After 28 years as a probation officer in Union County, Marvin Smith decided, at 53, it was time to retire and try something new. “I was thinking I’d probably get another job,” he says, “but I never actually started looking.” One day he happened to see a newspaper ad offering to train new tutors for Literacy Volunteers of Union County.
More than 200 volunteers strong, the nonprofit is dedicated to helping adults improve their reading, speaking and writing skills. “Literacy changes and saves lives,” development director Arlene Klemow wrote in her letter nominating Smith. “It is empowering—enabling individuals to become independent, get better jobs, advocate for their children, and become active, involved members of their communities.”
Since completing the training in 2000, Smith has spent hundreds of hours working one-on-one and with small groups in public libraries and community centers, helping students overcome stumbling blocks to a better future. “Education should be a lifelong pursuit,” he says. “You’ve got to know how to read to accomplish that.”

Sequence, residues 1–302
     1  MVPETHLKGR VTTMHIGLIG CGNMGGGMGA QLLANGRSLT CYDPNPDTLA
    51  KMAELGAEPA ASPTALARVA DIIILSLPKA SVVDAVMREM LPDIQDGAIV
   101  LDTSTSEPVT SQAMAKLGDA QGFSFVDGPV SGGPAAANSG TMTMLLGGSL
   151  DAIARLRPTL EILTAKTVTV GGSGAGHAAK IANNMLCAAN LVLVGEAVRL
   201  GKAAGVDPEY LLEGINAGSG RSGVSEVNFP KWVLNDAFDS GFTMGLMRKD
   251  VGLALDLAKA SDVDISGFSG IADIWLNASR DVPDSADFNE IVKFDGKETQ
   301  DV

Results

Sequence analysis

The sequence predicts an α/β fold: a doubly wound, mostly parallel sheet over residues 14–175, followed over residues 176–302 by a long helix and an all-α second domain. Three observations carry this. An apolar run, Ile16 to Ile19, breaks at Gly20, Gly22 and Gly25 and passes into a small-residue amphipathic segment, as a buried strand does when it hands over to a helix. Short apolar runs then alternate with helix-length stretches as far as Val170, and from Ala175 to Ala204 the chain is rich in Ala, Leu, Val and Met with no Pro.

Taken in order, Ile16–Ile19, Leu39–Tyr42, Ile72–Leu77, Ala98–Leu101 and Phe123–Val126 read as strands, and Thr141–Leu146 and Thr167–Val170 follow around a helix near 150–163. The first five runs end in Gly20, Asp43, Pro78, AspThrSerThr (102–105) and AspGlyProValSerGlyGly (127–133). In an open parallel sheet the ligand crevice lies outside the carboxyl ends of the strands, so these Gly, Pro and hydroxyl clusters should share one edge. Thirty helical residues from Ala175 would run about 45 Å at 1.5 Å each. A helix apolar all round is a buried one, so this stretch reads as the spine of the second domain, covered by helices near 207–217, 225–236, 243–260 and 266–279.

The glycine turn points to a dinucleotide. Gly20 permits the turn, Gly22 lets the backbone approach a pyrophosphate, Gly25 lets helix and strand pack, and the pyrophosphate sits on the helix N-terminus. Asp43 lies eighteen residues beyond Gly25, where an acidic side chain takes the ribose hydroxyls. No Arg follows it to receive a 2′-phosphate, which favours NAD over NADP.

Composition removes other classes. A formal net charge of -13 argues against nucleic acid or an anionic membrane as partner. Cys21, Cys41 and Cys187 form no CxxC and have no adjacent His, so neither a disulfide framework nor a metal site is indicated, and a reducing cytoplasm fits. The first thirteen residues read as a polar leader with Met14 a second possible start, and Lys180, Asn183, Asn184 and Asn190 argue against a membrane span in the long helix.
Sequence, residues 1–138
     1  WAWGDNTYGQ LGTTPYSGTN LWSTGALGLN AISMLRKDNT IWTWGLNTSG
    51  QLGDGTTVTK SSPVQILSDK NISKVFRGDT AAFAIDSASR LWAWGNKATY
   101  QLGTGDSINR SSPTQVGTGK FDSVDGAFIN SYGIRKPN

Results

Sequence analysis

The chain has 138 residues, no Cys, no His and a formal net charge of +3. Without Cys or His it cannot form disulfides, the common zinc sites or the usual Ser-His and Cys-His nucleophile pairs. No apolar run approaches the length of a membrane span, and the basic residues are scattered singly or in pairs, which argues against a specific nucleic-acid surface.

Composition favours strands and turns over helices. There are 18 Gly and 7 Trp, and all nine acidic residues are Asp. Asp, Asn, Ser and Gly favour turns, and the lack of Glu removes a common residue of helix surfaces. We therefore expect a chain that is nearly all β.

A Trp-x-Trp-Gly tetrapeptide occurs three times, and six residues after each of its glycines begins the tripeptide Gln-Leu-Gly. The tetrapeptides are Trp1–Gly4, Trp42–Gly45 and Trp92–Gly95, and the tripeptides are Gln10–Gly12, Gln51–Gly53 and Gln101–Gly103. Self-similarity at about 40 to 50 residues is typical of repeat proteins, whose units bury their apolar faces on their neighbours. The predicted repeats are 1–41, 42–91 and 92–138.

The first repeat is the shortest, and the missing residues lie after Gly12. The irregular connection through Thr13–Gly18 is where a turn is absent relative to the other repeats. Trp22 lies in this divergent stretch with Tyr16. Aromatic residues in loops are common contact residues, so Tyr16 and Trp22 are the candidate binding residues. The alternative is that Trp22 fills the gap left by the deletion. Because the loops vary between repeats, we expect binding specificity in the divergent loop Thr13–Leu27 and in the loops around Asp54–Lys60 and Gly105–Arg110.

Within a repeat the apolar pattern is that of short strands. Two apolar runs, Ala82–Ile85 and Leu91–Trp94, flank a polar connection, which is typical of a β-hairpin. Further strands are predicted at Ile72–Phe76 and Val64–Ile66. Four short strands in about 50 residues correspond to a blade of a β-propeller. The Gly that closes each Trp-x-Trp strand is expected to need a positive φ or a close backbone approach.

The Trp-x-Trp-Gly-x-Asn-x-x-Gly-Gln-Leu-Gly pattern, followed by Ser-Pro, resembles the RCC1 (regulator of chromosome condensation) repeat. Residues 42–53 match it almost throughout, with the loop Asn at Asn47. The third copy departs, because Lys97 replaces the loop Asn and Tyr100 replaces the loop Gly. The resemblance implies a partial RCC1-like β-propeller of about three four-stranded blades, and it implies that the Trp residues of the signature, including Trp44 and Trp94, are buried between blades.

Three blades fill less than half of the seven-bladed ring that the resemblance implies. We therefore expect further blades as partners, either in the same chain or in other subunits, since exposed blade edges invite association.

For the past three years, Smith has focused on preparing students for the GED, or General Equivalency Diploma, an alternative to a high school degree. The test is tough; Smith says only one or two students out of a group of 10 usually pass after the 15-week course, but when they do, it’s a thrill. “A lot of the recognition should go to these students,” he says. “They have the dedication and perseverance.”
Early in his tenure with Literacy Volunteers, Smith offered to help in the administrative office, making copies and even moving furniture. “He’s been our angel ever since,” says Literacy Volunteers executive director Elizabeth Gloeggler. “I always say that nothing would happen around here without Marvin.” Smith also trains new tutors.
An Ohio native, Smith moved with his family to Scotch Plains when he was 12 and his father got a job in Manhattan. After Smith married, he and his wife, Louise Russell, moved to Westfield. “New Jersey’s a good place,” he says. “You got a little bit of everything here.” One thing it doesn’t have is his two daughters, so he ventures to Brooklyn to visit them and spend a little time with his grandson. He plays tennis, and since Russell passed away four years ago, Smith has maintained her garden.
Now 65, he has no plans to retire for a second time. “I’m staying put,” he says.Click here to leave a comment